There will be a very important gathering of people this week in our BW Papersystems location in Phillips, WI (USA).
A group of positive changemakers in the world of business education will gather to discuss areas of collaboration and put some framework around how we will work together moving forward.
The goal is to change the way business schools teach the skills of leadership.
I often say that in my early career, I took management classes, I got a management degree and got a job in management. When you’re taught to “manage,” you’re also taught to treat people as functions. You’re taught that success is money, power and position. You’re never taught to inspire. You’re never taught to care.
This group, comprised of business leaders and professors from around the world, to transform business education to be more humanistic and people-oriented wants to transform business education from being institutions that train people to “manage” into institutions that foster humanistic leaders who honor individual dignity and demonstrate the courage to care for others.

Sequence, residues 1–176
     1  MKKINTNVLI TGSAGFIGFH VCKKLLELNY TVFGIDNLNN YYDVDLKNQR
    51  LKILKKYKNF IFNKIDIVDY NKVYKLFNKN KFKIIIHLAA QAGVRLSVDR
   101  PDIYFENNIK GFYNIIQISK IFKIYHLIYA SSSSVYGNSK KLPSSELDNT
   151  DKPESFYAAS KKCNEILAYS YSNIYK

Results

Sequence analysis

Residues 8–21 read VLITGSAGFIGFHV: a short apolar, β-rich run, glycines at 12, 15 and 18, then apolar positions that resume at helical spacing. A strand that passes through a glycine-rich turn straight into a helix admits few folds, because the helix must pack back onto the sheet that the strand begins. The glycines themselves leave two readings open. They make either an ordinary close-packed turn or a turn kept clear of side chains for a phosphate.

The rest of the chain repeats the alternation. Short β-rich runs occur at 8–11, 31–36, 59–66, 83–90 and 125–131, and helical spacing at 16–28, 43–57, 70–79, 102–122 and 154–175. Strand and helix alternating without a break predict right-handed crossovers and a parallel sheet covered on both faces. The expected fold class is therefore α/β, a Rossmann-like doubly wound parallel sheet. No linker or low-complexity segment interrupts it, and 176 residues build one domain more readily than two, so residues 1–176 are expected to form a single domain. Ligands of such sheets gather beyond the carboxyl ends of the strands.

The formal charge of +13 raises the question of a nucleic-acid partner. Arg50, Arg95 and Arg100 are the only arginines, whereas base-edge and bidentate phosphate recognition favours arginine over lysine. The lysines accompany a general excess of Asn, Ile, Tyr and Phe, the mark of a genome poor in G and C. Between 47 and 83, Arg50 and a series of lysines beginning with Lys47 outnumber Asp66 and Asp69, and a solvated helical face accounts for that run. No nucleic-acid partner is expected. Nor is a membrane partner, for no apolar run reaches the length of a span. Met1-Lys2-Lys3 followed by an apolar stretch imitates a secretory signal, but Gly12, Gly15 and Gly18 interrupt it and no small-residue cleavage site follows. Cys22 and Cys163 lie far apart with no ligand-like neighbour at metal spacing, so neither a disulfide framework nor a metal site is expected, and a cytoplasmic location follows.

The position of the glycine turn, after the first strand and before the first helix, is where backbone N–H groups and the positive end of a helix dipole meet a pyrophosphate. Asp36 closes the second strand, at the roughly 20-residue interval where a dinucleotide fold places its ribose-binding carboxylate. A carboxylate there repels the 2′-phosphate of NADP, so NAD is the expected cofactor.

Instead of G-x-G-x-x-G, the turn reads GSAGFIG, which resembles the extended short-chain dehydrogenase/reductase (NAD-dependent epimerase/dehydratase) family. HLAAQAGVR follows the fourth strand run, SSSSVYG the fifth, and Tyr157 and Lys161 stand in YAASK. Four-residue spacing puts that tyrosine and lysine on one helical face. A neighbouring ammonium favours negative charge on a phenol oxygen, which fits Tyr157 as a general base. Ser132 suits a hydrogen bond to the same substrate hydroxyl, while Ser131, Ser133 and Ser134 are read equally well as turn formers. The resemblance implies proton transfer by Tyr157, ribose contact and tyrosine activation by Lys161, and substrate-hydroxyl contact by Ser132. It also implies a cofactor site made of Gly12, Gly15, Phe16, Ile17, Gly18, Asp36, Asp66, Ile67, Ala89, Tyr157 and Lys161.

My co-host in this gathering is Michael Pirson an Associate Professor of Management, Global Sustainability, and Social Entrepreneurship at Fordham University and Research Fellow at Harvard University. He is the co-founder of the International Humanistic Management Association.
Michael has taken up my challenge to help his fellow educators see the need to create leaders, not managers.
He once wrote:
In many corporations managers are induced to be mindless. They imbibe a cultural narrative that portrays people as mere instruments to advance team or corporate goals. The labels for employees vary from human resources to human assets, to human capital. Managers get rewarded based on achieving corporate goals making the most of these resources, assets or capital…
Many times people do not feel heard and valued. Fights about salary are often symbolic and tend to disguise the larger issue: that people wish to be treated with dignity. It sounds trivial. Yet, a mindful shift in perspective can increase our awareness of our shared humanity and help resolve many conflicts.
We will hopefully share much more from this gathering soon, but I’d like to share with you a video featuring Michael, put together by our friend Alison Bartlett, a documentary filmmaker who recently produced a short film about Barry-Wehmiller.
You get to hear more from him about how caring leaders can change the world.